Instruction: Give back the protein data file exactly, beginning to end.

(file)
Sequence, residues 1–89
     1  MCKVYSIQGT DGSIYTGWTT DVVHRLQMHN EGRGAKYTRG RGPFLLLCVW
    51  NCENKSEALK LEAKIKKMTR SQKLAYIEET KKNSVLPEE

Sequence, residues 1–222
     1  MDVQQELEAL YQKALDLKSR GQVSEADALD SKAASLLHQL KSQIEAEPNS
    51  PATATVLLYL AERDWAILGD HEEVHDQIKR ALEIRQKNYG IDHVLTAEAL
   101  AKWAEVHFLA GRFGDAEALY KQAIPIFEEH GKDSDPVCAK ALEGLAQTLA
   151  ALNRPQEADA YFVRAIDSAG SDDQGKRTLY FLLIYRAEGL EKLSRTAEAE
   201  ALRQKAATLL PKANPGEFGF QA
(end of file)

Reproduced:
Sequence, residues 1–89
     1  MCKVYSIQGT DGSIYTGWTT DVVHRLQMHN EGRGAKYTRG RGPFLLLCVW
    51  NCENKSEALK LEAKIKKMTR SQKLAYIEET KKNSVLPEE

Sequence, residues 1–222
     1  MDVQQELEAL YQKALDLKSR GQVSEADALD SKAASLLHQL KSQIEAEPNS
    51  PATATVLLYL AERDWAILGD HEEVHDQIKR ALEIRQKNYG IDHVLTAEAL
   101  AKWAEVHFLA GRFGDAEALY KQAIPIFEEH GKDSDPVCAK ALEGLAQTLA
   151  ALNRPQEADA YFVRAIDSAG SDDQGKRTLY FLLIYRAEGL EKLSRTAEAE
   201  ALRQKAATLL PKANPGEFGF QA